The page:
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Meeker v. Starfish Children's Services

United States District Court, W.D. Washington, Seattle

May 9, 2019

ROBERT MEEKER, et al., Plaintiffs,
v.
STARFISH CHILDREN'S SERVICES, et al., Defendants.

          ORDER

          JOHN C. COUGHENOUR UNITED STATES DISTRICT JUDGE

         This matter comes before the Court on Plaintiffs' motion to strike Defendant Bosmann's third-party complaint against Naomi Kerwin (Dkt. No. 50). Having thoroughly considered the parties' briefing and the relevant record, the Court hereby GRANTS the motion for the reasons explained herein.

         I. BACKGROUND

         The Court has set forth the facts of this case in a previous order, and will not repeat them here. (See Dkt. No. 32 at 2-3.) In his answer to Plaintiffs' complaint, Defendant Bosmann timely filed a third-party complaint against Naomi Kerwin. (Dkt. No. 45 at 12-17.) Defendant Bosmann alleges that Plaintiffs' alleged damages were caused in whole or in part by Ms. Kerwin. (Id.) Ms. Kerwin lives in China and is a former employee of Starfish Children's Services (“Starfish”). (Id. at 12.) Among other duties as a Starfish employee, Ms. Kerwin was required to disclose certain medical information about the children to China's Child Welfare Institutes (“CWIs”). (Id. at 12- 13.) Once it receives that information, the CWIs transfer it to the China Center for Children's Welfare and Adoption (“CCWA”). (Id. at 13.) The CCWA is the only agency authorized to provide information to adoption agencies in the United States. (Id.) In his complaint, Defendant Bosmann asserts claims for wrongful adoption and negligence against Ms. Kerwin, alleging that if he is liable to Plaintiffs for those causes of action, so is Ms. Kerwin. (Id. at 16-17.) Plaintiffs move to strike Defendant Bosmann's third-party complaint against Ms. Kerwin. (Dkt. No. 50.)

         II. DISCUSSION

         The decision of whether to implead a third party under Federal Rule of Civil Procedure 14 is within the sound discretion of the trial court. Stewart v. Am. Int'l Oil & Gas Co., 845 F.2d 196, 199 (9th Cir. 1988). Under Rule 14(a)(1) “[a] defending party may, as third-party plaintiff, serve a summons and complaint on a nonparty who is or may be liable to it for all or part of the claim against it.” Fed.R.Civ.P. 14(a)(1). The Ninth Circuit has held that “a third-party claim may be asserted only when the third party's liability is in some way dependent on the outcome of the main claim and is secondary or derivative thereto.” Stewart, 845 F.2d at 199. The purpose of Rule 14 is to avoid duplicative litigation and to encourage judicial efficiency by trying claims against third parties who may be derivatively liable to the defendant together with the plaintiff's original claim. Sw. Adm'rs, Inc. v. Rozay's Transfer, 791 F.2d 769, 777 (9th Cir. 1986). In deciding whether to grant impleader, courts may also consider the following factors: “(1) prejudice to the original plaintiff; (2) complication of issues at trial; (3) likelihood of trial delay; and (4) timeliness of the motion to implead.” Irwin v. Mascott, 94 F.Supp.2d 1052, 1056 (N.D. Cal. 2000).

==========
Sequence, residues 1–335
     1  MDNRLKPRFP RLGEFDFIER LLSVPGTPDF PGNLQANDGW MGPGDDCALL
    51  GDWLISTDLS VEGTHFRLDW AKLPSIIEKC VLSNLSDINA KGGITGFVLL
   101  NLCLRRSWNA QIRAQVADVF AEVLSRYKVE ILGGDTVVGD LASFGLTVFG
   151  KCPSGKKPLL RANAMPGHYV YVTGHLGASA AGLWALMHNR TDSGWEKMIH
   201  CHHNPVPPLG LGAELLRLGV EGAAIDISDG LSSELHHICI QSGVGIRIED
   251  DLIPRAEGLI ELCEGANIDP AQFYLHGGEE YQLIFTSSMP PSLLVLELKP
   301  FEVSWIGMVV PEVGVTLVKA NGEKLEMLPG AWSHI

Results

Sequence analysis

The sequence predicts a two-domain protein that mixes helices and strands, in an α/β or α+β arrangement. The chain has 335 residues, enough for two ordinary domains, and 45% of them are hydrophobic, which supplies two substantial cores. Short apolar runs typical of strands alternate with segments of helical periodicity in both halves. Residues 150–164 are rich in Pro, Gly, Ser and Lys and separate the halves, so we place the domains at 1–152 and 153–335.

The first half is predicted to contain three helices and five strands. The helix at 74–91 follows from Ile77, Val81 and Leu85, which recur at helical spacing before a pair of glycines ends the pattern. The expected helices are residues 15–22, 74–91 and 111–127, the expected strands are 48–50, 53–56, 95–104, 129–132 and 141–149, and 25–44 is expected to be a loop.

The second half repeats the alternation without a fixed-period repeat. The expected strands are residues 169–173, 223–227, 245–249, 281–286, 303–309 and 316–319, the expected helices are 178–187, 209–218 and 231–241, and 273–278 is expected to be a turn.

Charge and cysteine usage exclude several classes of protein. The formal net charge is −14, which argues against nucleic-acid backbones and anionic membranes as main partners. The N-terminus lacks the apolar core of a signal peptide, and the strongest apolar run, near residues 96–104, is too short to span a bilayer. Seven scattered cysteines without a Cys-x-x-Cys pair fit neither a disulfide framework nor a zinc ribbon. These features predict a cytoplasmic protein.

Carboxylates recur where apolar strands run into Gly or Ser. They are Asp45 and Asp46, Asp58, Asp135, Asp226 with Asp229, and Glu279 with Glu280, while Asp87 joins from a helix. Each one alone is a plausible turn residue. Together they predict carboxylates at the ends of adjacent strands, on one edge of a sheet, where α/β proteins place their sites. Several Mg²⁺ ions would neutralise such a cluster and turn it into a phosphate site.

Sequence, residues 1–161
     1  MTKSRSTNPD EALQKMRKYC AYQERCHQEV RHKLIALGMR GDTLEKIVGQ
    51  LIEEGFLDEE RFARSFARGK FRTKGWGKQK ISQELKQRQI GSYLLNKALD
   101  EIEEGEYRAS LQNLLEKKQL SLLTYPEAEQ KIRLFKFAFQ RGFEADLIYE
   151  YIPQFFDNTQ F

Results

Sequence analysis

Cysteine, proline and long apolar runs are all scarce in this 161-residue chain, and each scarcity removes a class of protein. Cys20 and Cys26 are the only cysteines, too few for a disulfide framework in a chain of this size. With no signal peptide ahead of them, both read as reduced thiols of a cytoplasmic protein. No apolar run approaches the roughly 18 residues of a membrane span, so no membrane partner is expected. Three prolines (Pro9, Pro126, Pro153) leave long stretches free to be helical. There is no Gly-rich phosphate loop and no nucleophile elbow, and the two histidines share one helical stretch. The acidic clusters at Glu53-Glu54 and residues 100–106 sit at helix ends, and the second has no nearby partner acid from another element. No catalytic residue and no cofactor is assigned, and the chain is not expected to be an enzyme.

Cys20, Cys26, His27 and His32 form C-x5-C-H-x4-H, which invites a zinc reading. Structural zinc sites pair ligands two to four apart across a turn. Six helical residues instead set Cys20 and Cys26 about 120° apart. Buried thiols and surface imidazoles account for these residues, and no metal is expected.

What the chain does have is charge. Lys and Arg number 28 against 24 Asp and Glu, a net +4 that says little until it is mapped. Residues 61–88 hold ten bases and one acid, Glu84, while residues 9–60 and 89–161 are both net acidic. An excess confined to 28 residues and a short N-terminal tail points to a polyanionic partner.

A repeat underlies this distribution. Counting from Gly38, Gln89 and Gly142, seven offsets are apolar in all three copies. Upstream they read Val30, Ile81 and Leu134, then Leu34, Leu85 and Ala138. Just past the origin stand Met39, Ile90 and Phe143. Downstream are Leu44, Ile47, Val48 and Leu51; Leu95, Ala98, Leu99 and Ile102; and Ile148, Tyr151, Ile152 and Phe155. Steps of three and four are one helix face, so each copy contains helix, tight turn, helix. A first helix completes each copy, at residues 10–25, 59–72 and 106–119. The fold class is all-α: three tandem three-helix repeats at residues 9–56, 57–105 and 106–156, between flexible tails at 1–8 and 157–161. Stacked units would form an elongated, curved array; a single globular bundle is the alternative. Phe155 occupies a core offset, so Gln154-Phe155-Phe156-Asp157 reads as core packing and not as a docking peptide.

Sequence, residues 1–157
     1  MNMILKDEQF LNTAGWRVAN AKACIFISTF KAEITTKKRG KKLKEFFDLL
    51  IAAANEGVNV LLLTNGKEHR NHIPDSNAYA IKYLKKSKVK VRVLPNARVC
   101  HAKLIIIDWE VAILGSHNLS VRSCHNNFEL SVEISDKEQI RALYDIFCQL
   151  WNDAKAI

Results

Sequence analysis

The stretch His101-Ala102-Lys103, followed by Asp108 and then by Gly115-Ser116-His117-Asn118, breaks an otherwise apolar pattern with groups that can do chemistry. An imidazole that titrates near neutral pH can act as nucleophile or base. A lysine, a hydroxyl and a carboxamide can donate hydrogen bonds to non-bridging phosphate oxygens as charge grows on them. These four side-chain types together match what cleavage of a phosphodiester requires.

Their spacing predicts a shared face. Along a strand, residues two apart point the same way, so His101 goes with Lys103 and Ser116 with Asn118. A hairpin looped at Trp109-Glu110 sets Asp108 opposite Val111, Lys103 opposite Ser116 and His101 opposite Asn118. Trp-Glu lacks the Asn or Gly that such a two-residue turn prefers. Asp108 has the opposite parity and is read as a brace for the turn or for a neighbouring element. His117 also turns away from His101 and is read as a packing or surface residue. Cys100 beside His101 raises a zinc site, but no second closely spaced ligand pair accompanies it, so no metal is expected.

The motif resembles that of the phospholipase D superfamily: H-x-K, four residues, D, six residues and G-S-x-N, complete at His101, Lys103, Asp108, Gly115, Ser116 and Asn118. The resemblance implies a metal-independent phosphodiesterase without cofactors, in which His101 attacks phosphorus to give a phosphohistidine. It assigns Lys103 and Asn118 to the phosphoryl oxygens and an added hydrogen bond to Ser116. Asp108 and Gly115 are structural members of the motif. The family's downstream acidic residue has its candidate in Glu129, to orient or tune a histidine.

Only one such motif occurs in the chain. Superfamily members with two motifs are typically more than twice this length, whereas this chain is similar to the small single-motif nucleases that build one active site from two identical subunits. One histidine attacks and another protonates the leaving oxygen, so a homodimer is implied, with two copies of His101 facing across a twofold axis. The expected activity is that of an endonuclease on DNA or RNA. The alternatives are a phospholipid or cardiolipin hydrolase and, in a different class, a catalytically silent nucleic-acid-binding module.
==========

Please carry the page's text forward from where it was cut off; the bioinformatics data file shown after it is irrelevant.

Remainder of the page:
First, the face of Defendant Bosmann's third-party complaint indicates that he is asserting a theory of liability based on indemnity. (Dkt. No. 45 at 16-17.) In his briefing in response to the instant motion, Defendant Bosmann asserts that the third-party claims are for common law indemnity and breach of fiduciary duty. (Dkt. No. 59 at 6-8.) Taking that assertion as sufficient, the Court will analyze whether the third-party action should proceed using the Irwin factors.

         The Irwin factors regarding prejudice to Plaintiffs and likelihood of trial delay weigh against the addition of third parties. Because Ms. Kerwin resides in China, she has to be served summons in accordance with the Hague Convention-a lengthy process. Additionally, the parties have already begun discovery; waiting for service to be effected and for Ms. Kerwin to participate in discovery will significantly lengthen the time it takes to resolve this lawsuit. Therefore, the first and third Irwin factors weigh in favor of striking the third-party complaint.

         Additionally, inclusion of Ms. Kerwin as a third party will complicate the issues at trial. For example, with regard to the breach of fiduciary duty claim, Defendant Bosmann asserts that Utah law would apply to that claim, and that the crux of the claim is that Ms. Kerwin owed a duty to Starfish and failed to satisfy that duty when she failed to disclose information to CCWA. At best, the facts surrounding this claim are tangential to the facts in Plaintiffs' complaint and may result in the application of different state law. (See Dkt. No. 1.) The addition of Ms. Kerwin will only draw out the proceedings, hampering judicial efficiency.

         III. CONCLUSION

         For the foregoing reasons, Plaintiff's motion to strike Defendant Bosmann's third-party complaint against Naomi Kerwin (Dkt. No. 50) is GRANTED. Defendant Bosmann's third-party ...


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